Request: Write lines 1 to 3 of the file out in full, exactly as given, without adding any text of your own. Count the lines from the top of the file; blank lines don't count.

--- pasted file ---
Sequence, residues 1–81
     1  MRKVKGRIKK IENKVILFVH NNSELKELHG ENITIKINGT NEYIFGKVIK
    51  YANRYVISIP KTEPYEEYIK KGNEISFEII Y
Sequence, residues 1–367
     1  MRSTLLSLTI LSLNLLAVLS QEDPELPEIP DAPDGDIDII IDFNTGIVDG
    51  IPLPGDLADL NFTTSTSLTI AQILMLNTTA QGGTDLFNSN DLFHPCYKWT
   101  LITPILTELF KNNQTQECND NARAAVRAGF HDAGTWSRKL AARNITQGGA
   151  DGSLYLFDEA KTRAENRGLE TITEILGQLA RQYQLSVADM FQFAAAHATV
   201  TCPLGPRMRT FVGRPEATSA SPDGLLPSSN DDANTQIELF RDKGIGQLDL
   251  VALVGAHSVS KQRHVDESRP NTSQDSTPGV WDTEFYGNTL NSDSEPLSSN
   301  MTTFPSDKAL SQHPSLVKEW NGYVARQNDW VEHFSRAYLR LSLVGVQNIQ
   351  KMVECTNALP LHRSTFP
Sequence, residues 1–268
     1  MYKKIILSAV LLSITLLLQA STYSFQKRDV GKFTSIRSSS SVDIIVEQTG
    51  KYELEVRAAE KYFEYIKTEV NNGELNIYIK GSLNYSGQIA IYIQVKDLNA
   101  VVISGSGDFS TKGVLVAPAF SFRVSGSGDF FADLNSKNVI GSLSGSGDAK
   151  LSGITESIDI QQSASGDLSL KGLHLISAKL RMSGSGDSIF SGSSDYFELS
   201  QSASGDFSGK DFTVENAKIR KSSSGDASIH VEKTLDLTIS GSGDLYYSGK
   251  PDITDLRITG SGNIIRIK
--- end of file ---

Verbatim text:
Sequence, residues 1–81
     1  MRKVKGRIKK IENKVILFVH NNSELKELHG ENITIKINGT NEYIFGKVIK
    51  YANRYVISIP KTEPYEEYIK KGNEISFEII Y